Interior Secretary David Bernhardt's go-to lines on climate policy are straining under pressure.
The Interior Department enjoys broad authority to respond to climate impacts, but the department's obligations — especially when it comes to curbing greenhouse gas emissions — have become a major point of contention as Bernhardt justifies the administration's energy and deregulatory agenda in narrow, legalistic terms.
Once the department's top lawyer, Bernhardt argues that no law says Interior "shall" scale back oil and gas development due to their emissions. Interior evaluates climate change in environmental assessments, but going further is outside the law, he reiterated yesterday.
"If you want us to say we're going to stop all oil and gas development on federal lands because of climate change, you need to tell us that in a law. Because otherwise we are simply not required to do that and it's not appropriate to do," Bernhardt told Senate appropriators.
Critics say that posture ignores the suite of laws establishing Interior's fundamental priorities. They suggest Bernhardt is cloaking a political argument under the thin veil of a convenient legal interpretation.
The National Park Service's Organic Act, Federal Land Policy and Management Act, and Endangered Species Act all direct Interior to preserve natural resources for future generations.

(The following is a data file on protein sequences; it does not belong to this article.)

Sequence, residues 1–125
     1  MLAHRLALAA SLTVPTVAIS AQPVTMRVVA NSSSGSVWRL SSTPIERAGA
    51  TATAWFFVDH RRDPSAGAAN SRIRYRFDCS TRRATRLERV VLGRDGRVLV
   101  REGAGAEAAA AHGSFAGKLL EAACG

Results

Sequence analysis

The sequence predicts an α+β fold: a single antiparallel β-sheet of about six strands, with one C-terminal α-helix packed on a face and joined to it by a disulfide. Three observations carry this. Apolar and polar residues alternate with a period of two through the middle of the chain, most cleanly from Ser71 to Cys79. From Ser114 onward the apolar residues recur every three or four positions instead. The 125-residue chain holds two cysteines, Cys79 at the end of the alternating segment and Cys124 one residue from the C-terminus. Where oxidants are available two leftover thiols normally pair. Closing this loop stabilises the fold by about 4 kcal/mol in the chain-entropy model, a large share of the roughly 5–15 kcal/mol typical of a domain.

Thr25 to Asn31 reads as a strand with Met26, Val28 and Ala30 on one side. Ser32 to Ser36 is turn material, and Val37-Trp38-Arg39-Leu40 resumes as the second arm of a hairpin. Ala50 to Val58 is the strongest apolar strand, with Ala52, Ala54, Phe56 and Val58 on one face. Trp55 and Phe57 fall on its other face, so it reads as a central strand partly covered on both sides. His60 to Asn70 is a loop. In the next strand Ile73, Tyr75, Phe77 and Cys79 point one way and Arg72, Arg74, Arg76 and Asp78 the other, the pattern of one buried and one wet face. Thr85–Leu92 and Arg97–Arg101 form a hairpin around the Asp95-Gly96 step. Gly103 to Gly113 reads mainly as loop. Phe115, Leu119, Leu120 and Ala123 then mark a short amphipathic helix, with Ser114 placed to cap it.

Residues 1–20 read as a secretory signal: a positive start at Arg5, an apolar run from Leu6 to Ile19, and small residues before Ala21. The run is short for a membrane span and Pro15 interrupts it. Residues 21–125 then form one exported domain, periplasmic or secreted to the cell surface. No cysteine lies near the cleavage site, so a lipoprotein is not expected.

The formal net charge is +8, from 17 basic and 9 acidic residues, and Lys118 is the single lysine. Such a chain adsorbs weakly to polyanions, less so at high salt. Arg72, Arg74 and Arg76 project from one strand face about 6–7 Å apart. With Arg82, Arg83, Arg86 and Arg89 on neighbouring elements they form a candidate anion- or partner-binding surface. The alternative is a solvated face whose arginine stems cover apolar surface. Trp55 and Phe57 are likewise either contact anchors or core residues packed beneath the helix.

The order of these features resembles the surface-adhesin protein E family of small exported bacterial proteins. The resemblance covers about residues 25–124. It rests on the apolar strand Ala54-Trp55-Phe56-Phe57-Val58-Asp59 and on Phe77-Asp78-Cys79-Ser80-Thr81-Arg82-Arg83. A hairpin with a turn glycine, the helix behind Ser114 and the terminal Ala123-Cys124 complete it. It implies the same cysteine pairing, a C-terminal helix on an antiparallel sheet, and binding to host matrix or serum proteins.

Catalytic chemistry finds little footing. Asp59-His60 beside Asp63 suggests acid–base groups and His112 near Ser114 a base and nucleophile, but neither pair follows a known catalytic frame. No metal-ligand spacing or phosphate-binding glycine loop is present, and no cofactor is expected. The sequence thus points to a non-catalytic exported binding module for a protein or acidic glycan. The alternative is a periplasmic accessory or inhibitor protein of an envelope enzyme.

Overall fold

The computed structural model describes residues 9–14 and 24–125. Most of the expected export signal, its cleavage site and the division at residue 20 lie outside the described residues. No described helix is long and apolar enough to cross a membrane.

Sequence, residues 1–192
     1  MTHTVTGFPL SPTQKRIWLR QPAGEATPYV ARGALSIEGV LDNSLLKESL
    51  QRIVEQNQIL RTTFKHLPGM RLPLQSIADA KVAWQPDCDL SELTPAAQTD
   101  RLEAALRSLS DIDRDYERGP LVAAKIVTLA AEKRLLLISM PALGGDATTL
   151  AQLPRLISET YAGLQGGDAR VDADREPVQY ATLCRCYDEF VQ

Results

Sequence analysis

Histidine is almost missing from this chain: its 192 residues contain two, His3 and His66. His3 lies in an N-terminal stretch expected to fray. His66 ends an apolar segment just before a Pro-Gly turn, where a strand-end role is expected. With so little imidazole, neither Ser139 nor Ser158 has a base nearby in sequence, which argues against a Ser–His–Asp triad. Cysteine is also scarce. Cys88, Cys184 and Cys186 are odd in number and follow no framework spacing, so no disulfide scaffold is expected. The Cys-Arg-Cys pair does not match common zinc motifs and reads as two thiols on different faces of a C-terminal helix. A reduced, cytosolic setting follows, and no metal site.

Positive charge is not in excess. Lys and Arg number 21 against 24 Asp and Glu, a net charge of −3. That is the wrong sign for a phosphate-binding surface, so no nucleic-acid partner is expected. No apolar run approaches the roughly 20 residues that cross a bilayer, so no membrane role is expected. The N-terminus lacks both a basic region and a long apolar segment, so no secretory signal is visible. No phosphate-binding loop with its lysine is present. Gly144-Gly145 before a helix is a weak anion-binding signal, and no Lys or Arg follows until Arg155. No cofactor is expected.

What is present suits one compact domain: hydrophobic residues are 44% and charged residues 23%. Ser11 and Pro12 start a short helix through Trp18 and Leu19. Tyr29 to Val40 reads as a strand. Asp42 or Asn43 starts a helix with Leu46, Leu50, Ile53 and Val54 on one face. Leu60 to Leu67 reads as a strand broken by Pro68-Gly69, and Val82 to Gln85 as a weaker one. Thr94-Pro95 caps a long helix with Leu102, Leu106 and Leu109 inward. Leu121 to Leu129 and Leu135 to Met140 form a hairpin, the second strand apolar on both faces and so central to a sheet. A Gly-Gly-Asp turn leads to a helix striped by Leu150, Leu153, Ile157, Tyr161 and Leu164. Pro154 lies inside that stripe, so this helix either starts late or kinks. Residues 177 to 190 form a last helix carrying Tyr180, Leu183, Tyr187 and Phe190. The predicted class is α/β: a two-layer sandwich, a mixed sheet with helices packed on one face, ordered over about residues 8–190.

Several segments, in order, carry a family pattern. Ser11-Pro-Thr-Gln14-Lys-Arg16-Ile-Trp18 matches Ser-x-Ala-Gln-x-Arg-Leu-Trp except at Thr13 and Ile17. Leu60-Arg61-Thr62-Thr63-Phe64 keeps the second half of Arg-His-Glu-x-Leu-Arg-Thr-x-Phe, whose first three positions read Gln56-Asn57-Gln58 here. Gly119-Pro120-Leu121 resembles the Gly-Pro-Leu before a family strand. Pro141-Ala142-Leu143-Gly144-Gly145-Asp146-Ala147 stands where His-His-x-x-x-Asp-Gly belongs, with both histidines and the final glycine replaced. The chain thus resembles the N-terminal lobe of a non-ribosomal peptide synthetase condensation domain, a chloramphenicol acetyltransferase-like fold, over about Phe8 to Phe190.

"I was troubled you attempted to lay the department's lack of action at Congress' feet," New Mexico Sen. Tom Udall, the top Democrat on Interior's appropriations subcommittee, told Bernhardt yesterday.
Interior has rolled back greenhouse gas policies, like the Bureau of Land Management's methane waste rule, while also proposing to weaken protections for wildlife endangered by climate change.
"This isn't about 'shalls', as you put it. Blaming Congress is a dodge. This is about how you choose to exercise the broad discretion Congress vested in the Department of Interior. Past administrations chose to take on climate change, to harness the agencies' vast authority to tackle our generation's defining issue. But instead this administration is actively working to dismantle every tool to address the threat," Udall said.
Lynn Scarlett, who worked above Bernhardt as deputy Interior secretary during the George W. Bush administration, said the law does direct Interior to develop fossil fuel leasing plans. But the department also has a strong legal foundation to elevate climate change in land-use planning — especially when it comes to protecting creatures endangered by global warming, like the polar bear.
The synthesis of those two contradictory directives could be Interior throwing its weight behind renewable energy — a path that would be more politically and practically feasible than banning fossil fuel extraction, she said.
"There's nothing that tells the department 'Thou shalt only do oil and gas,'" said Scarlett, now vice president of policy and government relations at the Nature Conservancy.
Abandoned mining lands could be especially good sites for renewable energy projects, she said. And the department's footprint is large enough that internal policies for energy efficiency and renewable electricity could cut significant emissions.